#BML16 and why I’m choosing to focus on the positives

I’m quite sure most of you who read my blog have no interest in the practical side of blogging. I can’t imagine how boring a post about a blogging conference would be to someone with no interest in the industry. But more for my own sake really, I’ve decided to write my reflections on my first one, #BML16, that I attended in London this past weekend.

So ok, I’ll be honest (as I always am) it wasn’t perfect. What event is? I could talk about how I spent some of the day wandering around alone, unable to find a familiar face or approach an unfamiliar one. I know now others were feeling exactly the same and I suggest next year giving some space over to a dedicated ‘making friends’ area. Not everyone who attends has a group to ‘hang out’ with. I’m pretty confident and even I felt I couldn’t always approach people in case they didn’t want to talk to me!

I could talk about how mixed in terms of usefulness the sessions were. The technical ones were fascinating, but waaaay too short. Other just felt like a massive ego stroking session (theirs not mine!), not really what I signed up for.

I could also talk about how I was so dismissed by the first brand I approached, that I barely spoke to another all day. I went in fully aware that, in terms of stats, I was a small fish in a big pond, but to be shot down like that so early, meant I didn’t get the network contacts I went to the conference hoping to get. My fault and not theirs I guess, but still….

But you know me. I try and focus on the positives when I can. And so I have decided to concerntrate on my personal highlights of #BML16.


My dress

Come on! How could I not talk about my mushroom dress? Everyone else was! I received so many wonderful compliments on the dress, it’s material and look. Which was lovely! But the best bit was totally the amount of these faces 😱🙀😮 I saw when I told people that my husband Ben had made it for me. For one it was a great icebreaker (oh my god you’re the girl with the mushroom dress /didn’t you make this or something/ btw can I just saw I love your dress etc) but everyone was soooo nice about it that it also gave me confidence in a room where I knew practically no one.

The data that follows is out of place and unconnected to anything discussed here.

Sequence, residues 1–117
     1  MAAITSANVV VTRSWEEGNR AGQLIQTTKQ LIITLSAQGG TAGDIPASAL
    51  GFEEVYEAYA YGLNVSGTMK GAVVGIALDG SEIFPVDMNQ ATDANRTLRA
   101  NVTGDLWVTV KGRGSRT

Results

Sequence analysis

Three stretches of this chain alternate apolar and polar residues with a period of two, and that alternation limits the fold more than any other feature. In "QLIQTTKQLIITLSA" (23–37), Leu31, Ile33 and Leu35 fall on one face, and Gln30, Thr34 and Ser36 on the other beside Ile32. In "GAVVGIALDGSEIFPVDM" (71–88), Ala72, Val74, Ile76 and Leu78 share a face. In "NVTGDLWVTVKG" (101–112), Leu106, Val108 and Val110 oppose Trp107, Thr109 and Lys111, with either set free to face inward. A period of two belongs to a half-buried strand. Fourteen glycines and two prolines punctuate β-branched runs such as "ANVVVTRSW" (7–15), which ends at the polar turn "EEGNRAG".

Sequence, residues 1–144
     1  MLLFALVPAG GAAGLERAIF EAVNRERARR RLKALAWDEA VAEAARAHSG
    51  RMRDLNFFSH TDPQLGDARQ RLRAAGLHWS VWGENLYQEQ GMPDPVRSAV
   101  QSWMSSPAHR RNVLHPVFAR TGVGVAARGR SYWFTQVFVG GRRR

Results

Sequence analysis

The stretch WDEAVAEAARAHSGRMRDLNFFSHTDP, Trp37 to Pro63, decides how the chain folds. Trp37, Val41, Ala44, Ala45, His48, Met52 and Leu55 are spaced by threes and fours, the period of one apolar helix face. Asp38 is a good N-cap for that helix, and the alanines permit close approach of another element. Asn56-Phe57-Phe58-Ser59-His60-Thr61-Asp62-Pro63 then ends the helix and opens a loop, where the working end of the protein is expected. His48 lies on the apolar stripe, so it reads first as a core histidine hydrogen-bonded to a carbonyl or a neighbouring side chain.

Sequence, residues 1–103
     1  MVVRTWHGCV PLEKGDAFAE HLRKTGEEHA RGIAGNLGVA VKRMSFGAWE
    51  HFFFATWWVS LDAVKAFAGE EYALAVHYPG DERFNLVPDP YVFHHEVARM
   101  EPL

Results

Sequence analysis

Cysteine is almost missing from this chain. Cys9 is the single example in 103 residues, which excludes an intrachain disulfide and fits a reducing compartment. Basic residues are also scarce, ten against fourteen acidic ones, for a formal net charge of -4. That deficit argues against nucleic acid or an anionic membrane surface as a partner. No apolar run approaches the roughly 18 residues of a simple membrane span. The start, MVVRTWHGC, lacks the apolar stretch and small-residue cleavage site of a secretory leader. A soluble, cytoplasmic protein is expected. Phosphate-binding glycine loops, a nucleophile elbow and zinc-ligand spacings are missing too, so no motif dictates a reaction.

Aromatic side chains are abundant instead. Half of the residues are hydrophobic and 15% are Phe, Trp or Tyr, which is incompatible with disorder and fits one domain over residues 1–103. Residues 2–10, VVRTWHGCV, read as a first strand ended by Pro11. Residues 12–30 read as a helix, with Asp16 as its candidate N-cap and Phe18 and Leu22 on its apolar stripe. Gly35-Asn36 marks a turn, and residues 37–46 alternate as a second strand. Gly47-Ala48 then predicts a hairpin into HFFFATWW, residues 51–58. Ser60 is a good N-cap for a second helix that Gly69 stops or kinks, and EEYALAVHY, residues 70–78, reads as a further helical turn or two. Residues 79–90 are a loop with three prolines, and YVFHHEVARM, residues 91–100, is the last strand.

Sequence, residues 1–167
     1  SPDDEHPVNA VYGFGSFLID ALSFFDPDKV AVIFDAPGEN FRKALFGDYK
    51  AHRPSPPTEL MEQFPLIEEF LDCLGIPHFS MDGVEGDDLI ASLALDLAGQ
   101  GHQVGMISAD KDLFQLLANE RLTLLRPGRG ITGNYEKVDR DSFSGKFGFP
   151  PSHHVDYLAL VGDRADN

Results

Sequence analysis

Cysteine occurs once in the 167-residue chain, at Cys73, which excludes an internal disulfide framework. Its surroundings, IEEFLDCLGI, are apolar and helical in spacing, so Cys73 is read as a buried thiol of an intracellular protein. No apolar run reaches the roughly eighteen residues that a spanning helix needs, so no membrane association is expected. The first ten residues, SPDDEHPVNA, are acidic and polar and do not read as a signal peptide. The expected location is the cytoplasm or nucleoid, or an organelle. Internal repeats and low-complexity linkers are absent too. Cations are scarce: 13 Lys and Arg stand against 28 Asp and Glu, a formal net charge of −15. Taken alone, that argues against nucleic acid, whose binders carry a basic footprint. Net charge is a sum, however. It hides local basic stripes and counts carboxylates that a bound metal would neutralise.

Top conference tip: wear a dress in an eyecatching fabric that someone unexpected has made for you!

Mushroom pattern dress

The mushroom frock

A good lift selfie. Gotta be done

A good lift selfie. Gotta be done. The dress looked surprisingly good with my Next pleather jacket


Blogging is a funny old sport. You get to know people you have never met in real life, sometimes quite intimately. You can talk for years before actually meeting in person. So actually getting to meet and hang out with some of what I would class as my blogging buddies was fantastic.

Me and Natalie from Diary of an Unexpectant Mum

Me and Natalie from Diary of an Unexpectant Mother. This is a bit blurry but I had just had a bottle of wine!

Me and Maria SuburbanMum

Me and Maria from Suburban Mum. Crazy lighting in the main room for the Brilliance in Blogging Awards (which I was not nominated for boohoo 😉 )

Kelley from BringingupGeorgia, when we finally got our full size Coke Zeros. Happy!

Kelly from Bringing up Georgia, when we finally got our full size Coke Zeros. Happy!


Getting to talk face to face to some of the bloggers I admire was an amazing, if a little disconcerting, experience. Once I got over the “oh, I know her from somewhere don’t I?” feeling, I was able to approach people to thank them for their writing or to introduce myself (although the first time I did this it came out a bit gushing “hi I’m Lisa I follow you on Instagram I love your pictures” literally without pausing. I’m not sure poor Hannah from Make, Do & Push knew what to make of me!).

The Fat Girls Guide to Running


I have nooooo interest in running. Never have. However, the keynote speech given by Julie Creffield from The Fat Girls Guide to Running, really touched something in me. Not to start running necessarily, but the points she made about motivation, self belief and setting goals, or as she calls them Big Fat Stupid Goals. My life is about to change. Oscar starting school is really going to shake things up around here and it feels like the time to DO something is coming. I got to talk to Julie afterwards and it was super interesting. Watch this space!